Line 18 is the part that listens for a tick coming from the server. With each tick is sent an array of data. It’s this array of data that we hook into (a little later) in order to add our own information. In this case, data[‘edd-payment-count’] simply contains an integer that represents the total number of sales in the system. We can then take this integer and modify the text value of our sales widget. A little CSS is added for effect, basically giving the sale count a pulse anytime it updates.

The data that is sent back from the server is setup in the heartbeat_received filter, like so:

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<?php
// Modify the data that goes back with the heartbeat-tick
function edd_heartbeat_received( $response, $data ) {
 
    // Make sure we only run our query if the edd_heartbeat key is present
    if( $data['edd_heartbeat'] == 'dashboard_summary' ) {
 
        // Retrieve payment count
        $payments = edd_count_payments();
 
        // Send back the number of complete payments
        $response['edd-payment-count'] = number_format_i18n( $payments->publish );
 
    }
    return $response;
}
add_filter( 'heartbeat_received', 'edd_heartbeat_received', 10, 2 );

Note that the very first thing we do is look for the edd_heartbeat key and ensure its value is equal to dashboard_summary. This ensures we only perform our query when it is needed.

Inside of the conditional, we do a simple query to return the number of payments in the store, then we pass it back as part of the response. This is the response data that our Javascript uses above.

That’s it, a complete implementation of the WordPress Heartbeat API.

You can download the complete example plugin from here.

  1. Phil Johnston

    How often does a heartbeat-tick happen?

    • Pippin

      Every 15 seconds by default.

  2. Andrew

    Great read, thanks. The possibilities of the Heartbeat API are exciting

  3. Devtard

    Didn’t know about this, thanks for sharing. :)

  4. Sean Davis

    Thanks, boss. Definitely worth playing with.

  5. Chris Mooney

    Thanks for the intro on this Pippin, there’s not many resources out there on this yet so this has been a big help in getting me started.

  6. Wil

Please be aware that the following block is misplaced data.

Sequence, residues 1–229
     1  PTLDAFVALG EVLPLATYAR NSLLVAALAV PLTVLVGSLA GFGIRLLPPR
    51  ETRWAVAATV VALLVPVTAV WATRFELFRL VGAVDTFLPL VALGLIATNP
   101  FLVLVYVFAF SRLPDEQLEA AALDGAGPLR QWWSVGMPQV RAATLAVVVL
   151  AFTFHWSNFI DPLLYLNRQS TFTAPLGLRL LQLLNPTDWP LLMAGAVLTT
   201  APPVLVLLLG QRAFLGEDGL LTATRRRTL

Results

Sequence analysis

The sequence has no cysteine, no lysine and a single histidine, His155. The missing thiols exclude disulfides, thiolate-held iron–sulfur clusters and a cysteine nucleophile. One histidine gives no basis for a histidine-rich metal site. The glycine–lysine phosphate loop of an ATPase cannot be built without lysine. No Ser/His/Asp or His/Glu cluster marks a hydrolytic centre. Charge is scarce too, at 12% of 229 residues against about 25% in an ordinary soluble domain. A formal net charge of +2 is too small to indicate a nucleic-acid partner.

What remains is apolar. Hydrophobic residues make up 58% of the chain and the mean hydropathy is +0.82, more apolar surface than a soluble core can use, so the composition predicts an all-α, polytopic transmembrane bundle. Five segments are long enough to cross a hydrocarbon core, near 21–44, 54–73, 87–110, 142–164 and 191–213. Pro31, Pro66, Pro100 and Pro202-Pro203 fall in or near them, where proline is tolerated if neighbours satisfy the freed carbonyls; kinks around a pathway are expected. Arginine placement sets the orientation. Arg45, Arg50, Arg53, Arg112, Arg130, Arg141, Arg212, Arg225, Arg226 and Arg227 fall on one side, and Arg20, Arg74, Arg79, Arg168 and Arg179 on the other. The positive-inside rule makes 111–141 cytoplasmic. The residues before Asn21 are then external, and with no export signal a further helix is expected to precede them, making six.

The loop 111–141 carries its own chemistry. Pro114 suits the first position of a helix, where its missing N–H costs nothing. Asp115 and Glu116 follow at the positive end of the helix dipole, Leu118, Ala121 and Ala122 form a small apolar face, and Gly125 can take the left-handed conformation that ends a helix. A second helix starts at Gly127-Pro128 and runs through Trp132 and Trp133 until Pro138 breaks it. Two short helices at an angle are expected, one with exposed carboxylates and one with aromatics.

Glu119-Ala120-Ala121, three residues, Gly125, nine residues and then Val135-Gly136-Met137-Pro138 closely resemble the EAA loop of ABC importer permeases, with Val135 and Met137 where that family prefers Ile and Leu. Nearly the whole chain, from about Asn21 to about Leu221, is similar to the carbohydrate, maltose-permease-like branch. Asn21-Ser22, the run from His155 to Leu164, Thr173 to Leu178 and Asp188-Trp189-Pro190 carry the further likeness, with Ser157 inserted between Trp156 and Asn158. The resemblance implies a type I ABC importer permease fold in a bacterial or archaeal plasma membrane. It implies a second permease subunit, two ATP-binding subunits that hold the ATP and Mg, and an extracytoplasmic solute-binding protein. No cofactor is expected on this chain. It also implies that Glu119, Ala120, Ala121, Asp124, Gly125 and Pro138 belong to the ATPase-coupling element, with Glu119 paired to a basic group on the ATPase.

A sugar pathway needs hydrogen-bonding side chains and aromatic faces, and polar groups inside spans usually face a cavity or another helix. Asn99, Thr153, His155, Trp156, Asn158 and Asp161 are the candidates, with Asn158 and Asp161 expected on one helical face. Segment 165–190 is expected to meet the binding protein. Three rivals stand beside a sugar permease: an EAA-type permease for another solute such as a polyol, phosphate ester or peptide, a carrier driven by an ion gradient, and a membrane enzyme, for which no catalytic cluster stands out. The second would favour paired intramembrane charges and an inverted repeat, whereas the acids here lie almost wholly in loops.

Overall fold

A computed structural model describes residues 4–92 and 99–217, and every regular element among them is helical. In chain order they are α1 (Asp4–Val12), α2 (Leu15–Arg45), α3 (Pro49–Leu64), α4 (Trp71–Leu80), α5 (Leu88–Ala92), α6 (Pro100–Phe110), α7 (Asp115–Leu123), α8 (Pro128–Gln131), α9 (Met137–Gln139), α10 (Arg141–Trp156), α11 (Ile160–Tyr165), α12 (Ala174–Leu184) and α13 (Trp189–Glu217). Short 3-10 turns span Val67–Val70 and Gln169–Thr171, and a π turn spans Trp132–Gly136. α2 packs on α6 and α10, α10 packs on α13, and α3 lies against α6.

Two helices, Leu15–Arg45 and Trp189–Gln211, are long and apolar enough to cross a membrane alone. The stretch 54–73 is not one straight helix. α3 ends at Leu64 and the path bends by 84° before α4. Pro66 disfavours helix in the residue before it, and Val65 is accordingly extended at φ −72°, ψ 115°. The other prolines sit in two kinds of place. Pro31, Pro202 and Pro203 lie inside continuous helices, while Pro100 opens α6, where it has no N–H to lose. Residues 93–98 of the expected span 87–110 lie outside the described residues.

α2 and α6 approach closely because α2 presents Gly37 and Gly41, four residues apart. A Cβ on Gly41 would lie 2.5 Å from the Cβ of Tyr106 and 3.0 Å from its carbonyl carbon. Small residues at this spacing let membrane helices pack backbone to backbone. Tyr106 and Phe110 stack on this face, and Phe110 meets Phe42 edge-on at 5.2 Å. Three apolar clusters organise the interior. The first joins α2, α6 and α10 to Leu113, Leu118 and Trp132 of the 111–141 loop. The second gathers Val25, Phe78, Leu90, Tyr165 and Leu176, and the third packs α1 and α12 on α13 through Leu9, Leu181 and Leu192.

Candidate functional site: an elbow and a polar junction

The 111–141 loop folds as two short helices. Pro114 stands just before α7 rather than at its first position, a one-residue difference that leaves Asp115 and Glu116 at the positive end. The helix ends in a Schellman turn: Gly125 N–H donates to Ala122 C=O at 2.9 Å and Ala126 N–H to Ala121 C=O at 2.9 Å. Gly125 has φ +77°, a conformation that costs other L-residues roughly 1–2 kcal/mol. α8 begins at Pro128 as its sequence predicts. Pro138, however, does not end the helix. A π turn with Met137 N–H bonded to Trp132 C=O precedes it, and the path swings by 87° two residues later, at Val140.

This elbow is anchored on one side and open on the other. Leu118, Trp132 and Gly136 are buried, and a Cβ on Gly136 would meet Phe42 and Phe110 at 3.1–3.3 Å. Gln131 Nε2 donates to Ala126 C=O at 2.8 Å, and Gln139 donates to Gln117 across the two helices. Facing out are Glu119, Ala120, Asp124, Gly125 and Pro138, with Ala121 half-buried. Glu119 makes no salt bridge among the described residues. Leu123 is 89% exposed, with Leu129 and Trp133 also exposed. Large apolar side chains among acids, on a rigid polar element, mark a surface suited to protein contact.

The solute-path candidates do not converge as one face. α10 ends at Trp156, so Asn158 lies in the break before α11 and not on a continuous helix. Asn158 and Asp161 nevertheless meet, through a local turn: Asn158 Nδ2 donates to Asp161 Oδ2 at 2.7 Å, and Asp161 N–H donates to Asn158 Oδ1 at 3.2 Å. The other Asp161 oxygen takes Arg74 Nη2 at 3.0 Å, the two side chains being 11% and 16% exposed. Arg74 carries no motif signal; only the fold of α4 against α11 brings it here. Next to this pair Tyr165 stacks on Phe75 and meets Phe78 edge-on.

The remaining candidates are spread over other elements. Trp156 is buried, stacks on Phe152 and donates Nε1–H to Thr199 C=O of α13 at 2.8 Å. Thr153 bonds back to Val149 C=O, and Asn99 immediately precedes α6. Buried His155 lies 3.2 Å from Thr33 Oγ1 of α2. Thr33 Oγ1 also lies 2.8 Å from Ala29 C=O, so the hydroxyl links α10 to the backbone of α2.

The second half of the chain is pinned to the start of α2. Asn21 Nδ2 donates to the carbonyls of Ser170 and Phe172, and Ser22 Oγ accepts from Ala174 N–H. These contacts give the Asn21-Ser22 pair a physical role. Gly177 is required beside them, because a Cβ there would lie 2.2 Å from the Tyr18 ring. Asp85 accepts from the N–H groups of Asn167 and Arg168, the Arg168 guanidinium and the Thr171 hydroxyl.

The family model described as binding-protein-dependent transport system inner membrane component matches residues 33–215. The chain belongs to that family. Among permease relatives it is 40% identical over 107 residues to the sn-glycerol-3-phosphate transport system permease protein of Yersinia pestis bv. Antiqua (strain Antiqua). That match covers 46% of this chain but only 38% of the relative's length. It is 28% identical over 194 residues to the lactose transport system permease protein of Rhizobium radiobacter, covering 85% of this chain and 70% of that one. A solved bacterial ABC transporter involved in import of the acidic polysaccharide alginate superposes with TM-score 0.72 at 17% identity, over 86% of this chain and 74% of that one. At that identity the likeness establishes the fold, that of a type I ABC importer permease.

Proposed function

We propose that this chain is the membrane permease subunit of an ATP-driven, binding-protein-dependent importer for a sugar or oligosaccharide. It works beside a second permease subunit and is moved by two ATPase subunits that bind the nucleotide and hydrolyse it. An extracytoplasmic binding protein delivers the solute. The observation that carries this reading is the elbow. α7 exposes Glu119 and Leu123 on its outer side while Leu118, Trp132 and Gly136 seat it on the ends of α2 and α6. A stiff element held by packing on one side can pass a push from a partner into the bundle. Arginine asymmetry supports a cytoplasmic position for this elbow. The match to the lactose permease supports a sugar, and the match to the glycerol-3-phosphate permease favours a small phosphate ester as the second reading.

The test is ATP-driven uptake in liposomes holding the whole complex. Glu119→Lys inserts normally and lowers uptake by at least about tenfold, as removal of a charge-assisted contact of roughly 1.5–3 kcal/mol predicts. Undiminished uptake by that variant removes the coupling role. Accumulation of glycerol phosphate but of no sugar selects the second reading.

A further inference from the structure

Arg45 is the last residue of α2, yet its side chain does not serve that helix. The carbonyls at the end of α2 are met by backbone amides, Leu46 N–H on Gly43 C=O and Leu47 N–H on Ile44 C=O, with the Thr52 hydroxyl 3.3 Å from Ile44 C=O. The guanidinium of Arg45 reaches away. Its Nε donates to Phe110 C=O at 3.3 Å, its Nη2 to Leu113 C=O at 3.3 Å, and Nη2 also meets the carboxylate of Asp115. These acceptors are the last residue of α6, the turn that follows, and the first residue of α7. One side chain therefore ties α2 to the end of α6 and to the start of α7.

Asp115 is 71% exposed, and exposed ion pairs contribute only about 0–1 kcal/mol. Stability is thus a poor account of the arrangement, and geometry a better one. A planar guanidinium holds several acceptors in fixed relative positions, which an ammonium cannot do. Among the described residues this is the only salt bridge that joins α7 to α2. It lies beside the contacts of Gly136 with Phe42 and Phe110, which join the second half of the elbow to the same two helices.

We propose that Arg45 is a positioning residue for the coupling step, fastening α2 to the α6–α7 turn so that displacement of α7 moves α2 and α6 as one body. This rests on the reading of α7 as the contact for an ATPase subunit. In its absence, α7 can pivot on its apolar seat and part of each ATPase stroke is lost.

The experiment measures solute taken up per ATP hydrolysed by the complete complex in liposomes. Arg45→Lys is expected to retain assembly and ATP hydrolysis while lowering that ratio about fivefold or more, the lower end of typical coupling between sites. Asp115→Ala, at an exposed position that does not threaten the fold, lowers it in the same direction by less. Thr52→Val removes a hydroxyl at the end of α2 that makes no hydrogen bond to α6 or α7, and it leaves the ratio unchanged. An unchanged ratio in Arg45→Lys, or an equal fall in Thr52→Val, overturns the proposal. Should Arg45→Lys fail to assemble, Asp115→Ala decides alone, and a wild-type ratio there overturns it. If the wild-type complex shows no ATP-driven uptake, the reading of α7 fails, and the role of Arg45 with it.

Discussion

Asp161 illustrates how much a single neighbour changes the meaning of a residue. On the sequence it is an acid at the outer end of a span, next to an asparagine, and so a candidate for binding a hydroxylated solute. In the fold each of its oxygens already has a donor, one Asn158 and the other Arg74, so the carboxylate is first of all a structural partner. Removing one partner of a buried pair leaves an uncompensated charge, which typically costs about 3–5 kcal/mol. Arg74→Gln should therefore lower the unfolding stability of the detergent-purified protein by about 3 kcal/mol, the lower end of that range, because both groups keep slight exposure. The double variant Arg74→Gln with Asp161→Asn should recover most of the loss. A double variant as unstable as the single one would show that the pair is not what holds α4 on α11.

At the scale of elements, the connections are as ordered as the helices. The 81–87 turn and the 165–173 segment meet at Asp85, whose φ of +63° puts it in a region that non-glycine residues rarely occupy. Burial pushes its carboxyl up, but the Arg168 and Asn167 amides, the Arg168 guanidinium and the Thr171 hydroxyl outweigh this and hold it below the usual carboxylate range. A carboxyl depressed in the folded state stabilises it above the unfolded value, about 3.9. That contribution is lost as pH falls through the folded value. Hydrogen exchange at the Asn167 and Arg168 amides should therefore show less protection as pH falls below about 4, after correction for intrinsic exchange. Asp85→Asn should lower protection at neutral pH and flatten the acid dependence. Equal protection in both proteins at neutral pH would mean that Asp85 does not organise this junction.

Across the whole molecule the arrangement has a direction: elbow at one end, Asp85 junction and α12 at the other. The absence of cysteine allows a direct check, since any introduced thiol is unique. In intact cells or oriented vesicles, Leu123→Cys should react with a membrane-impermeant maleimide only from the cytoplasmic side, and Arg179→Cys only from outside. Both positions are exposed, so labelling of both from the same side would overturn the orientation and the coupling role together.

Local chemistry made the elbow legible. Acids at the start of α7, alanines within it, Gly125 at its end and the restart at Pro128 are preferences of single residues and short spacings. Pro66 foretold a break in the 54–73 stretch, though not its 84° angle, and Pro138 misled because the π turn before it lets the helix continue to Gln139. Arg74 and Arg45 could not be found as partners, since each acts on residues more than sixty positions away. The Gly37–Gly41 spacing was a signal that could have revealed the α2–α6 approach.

Pippin, do you know how much bandwidth (k) is sent over each heartbeat in a default WordPress installation?

    • Pippin

      It depends on whether there is data attached to a heartbeat. When there’s nothing attached, it’s extremely tiny. So small that you probably couldn’t even detect it. When there’s data attached, it just depends on how much data there is.

  7. Travis Smith

    Pippin, this is a great write-up! Thanks for sharing this.

  8. Anirudh Babbar

    Hey Pippin, I read an article somewhere else about heartbeat and how to stop that….

    I wanted to stop heartbeat, because my site was taking much time to load and pingdom said its because of admin-ajax.php… So i stopped heartbeat and my site speed was reduced by 3 seconds.. What your suggestion, should we stop it or not…

    • Pippin

      Are you using the heartbeat on the frontend of your site?

    • Juan

      If you dont use it, then disable it.. anyway, its impossible that a heartbeat is taking 3 seconds just by itself. If that were the case, your site would take ages to load.

  9. Evan Herman

    Hey Pippin,

    Thanks for this post, it’s helping out quite a bit in understanding the inner workings of the heartbeat API. I’m working on getting it implementing in our MailChimp plugin to update account activity in real time (new user subscribes, unsubscribes etc). This certainly helps out, thanks again. Keep up the great work (and great talk at WCNYC on ‘Sane Plugin Updates’).

    • Pippin

      Glad to hear it helps and happy to hear you enjoyed the talk!

  10. Jmizpah

    Thanks for this. Very useful resource. !